By the end of the cookie season, I had sold 750 boxes, successfully securing my trip to San Francisco. But that number no longer mattered to me. In selling the cookies, I had earned much more than money and a plane ticket. The memories may fade and the money has been spent, but I think what was most valuable and important was the confidence that I gained from my experience. Girl Scout Cookies helped me believe in myself.
On the side of every Girl Scout cookie box, it says: “Selling Girl Scout Cookies helps girls develop five skills that they use throughout their lives: 1. Goal setting. 2. Decision making. 3. Money management. 4. People skills. And 5. Business ethics.” I cannot agree with this statement more and I’d like to illustrate how exactly cookie selling does this with a few anecdotes from my experiences.
Goal setting. Selling Girl Scout Cookies helped teach me to set little goals, but to dream big. After I sold 750 boxes that first year, I compiled a list of 18 sales tips for my troop, and one of them was to always set goals, and then to set new goals. That first success showed me that I could do much more than I thought I was capable of as long as I put my mind to it, set reasonable goals, and pushed myself.
Decision making. The Girl Scout Cookie Program allowed me to become more independent and to take charge of my own time. I made the decisions about what goals to set, which site sales to choose, and how much time and effort I was willing to invest in the program.
Money management. Dealing with all that cash taught me about how to be responsible with money, how to sort it, how to secure it, and how to count it very quickly. When you’re holding in your hand a stack of a thousand dollars in cash that you’ve collected… that’s an incredible feeling.
People skills. Through my experience with selling Girl Scout Cookies, I’ve gotten much better at striking up conversations with people, dealing with customer complaints, or even befriending strangers. One man that I met while at a Fred Meyer in Bellevue was so impressed by my ambition, perseverance, and initiative that, because he didn’t have cash to buy cookies, he gave me his email and I delivered nine boxes to his house later that week.
Business ethics. By selling Girl Scout Cookies, I have learned so much not just about business ethics, but also about business customs, such as the importance of shaking the hand of the store manager after a site sale, or delivering presold cookies in a timely manner.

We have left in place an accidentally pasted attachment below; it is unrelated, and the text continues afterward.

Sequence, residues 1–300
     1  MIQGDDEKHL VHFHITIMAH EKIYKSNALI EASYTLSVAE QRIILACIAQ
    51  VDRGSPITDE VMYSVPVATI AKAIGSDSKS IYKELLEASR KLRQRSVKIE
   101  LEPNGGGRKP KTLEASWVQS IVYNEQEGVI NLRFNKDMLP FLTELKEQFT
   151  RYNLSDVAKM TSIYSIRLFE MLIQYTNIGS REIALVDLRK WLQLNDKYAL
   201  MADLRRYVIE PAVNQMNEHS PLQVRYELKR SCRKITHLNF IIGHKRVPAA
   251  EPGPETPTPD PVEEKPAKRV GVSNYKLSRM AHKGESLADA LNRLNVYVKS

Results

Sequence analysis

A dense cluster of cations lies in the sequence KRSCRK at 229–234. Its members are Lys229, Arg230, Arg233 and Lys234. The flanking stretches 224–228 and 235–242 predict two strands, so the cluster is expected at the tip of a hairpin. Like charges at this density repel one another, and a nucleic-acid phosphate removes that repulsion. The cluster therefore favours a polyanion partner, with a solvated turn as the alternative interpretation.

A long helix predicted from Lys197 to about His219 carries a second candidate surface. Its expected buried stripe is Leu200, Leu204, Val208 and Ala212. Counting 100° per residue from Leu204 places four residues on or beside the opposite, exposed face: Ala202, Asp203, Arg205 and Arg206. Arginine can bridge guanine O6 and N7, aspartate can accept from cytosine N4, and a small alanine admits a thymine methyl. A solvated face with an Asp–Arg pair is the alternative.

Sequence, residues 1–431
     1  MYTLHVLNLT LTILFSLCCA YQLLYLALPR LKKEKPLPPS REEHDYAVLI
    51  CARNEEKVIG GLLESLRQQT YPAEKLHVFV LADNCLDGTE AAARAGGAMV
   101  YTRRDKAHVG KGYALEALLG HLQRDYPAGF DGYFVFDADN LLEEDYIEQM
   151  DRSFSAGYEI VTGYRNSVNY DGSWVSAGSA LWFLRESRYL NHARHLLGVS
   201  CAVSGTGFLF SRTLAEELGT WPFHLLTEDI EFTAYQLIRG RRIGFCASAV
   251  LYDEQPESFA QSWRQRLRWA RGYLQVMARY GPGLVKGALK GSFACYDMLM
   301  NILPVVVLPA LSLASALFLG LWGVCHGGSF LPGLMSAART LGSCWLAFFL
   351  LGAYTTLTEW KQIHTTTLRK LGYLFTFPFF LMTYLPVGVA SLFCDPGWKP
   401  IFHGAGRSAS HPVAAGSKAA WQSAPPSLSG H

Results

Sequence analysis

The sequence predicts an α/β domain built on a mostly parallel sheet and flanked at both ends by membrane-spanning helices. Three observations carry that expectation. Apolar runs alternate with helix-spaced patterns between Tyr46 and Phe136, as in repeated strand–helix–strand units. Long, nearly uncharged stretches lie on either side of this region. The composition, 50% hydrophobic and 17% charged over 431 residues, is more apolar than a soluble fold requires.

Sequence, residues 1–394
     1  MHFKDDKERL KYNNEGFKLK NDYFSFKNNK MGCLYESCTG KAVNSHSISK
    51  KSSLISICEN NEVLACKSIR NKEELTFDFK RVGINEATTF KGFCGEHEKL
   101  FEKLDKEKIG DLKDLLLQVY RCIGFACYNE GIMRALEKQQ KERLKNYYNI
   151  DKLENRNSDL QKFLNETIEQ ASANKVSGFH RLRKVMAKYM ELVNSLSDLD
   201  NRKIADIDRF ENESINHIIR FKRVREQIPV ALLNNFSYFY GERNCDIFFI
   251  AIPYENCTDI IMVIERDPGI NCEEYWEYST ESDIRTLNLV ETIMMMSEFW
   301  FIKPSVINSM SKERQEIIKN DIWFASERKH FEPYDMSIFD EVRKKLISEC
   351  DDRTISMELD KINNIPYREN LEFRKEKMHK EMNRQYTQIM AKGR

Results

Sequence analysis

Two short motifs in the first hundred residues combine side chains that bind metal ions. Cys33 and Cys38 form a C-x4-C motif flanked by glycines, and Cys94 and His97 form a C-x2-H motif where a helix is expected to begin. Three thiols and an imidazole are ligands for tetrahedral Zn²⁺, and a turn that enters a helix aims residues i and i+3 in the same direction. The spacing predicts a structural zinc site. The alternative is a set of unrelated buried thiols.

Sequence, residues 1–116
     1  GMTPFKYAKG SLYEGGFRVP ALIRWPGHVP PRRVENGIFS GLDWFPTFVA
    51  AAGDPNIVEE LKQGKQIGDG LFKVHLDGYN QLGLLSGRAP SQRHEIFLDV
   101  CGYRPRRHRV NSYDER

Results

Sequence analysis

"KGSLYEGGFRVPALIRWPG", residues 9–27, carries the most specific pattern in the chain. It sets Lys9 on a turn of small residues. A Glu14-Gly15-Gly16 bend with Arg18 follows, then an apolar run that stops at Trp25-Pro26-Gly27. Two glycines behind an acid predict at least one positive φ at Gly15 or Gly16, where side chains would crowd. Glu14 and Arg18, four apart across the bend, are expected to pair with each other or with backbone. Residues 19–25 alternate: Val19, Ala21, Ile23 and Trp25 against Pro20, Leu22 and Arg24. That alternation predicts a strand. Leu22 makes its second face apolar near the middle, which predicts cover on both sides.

In fact, the Girl Scout Cookie Program has taught me so much about business that I decided to explore business as a career field. I joined my high school’s chapter of DECA, an international business organization for high school and college students, and I went on to compete in the Professional Selling Event at the international level. I joined my local DECA chapter’s leadership team and worked to develop our chapter as the vice president of communications. I would never have had the courage nor the interest to apply if not for Girl Scout Cookies. The Girl Scout Cookie Program has shown me that business is what I want to spend the rest of my life doing. It has shown me that with passion, dedication, goals, and hard work, I really can accomplish anything—always digging deeper and finding new ways to keep moving forward.
With Girl Scout Cookies, it’s not about the money/cookie dough. It’s not about the profits, the seventy cents that I keep for each box I sell. It’s not about the incentives or the adventure points. No. It’s about what you learn from selling the cookies, from putting yourself out there, from standing for hours on end in Seattle, week after week, in the rain, in front of QFC. It’s about the pride you feel when you’ve met goal after goal; it’s about the confidence you gain from challenging yourself, from pushing yourself past what feels comfortable. It’s about moments like these, where cookies take you to places you would never have had the opportunity to go to otherwise.
I feel confident. I feel empowered. And I want to make sure that other girls after me will feel that same rush when they realize that they, too, are capable.
Categories: Environment

What the hell is education for?

Friends of the Earth - 14 hours 37 min ago
Showing no signs of life, our cold brittle system should have been buried back in the Victorian era in which it was born. Thank goodness for the launch of a much-needed autopsy: Big Education by Compass and the National Union of Teachers (NUT). Sign up to our mailing list for more articles like this. Sanford Street School in Swindon was, much like our current education system, built in the Victorian era © Richard Ellis Teachers intimidated by evermore targets waved menacingly in front of them like tiny red sniper dots. When you’re packed into a classroom
Categories: Environment

Free Trade versus Good Food

The EnvironmentaList - March 31, 2015
How the World Trade Organization struck down Country of Origin Labeling for meat
Categories: Environment, News Feeds

Girl Scouts Become Change-Makers as they Tackle Mental Health in the Community

Girl Scouts of America - March 31, 2015

Saint Clair, Missouri, a small rural community of 4,472 people located along Historic Route 66, is home to a group of dynamic young women who call themselves “Friends for Change.” In an effort to improve their community, the girls are working to create an arts program, and they recently built an outdoor amphitheater in their local park to host it. 
The girls are a part of Challenge and Change, a program for Girl Scouts in rural communities funded through a grant from the U.S. Department of Agriculture. This investment is part of Girl Scouts’ ToGetHerThere campaign, the largest fundraising campaign for girls in history.
Powered by investors, Girl Scouts helps girls in rural communities become change-makers as they create and start long-term community service projects. They get plenty of help along the way through a comprehensive curriculum, instruction by specially trained Girl Scout program staff, and mentoring by community champions. Girls even receive seed funding to launch their projects.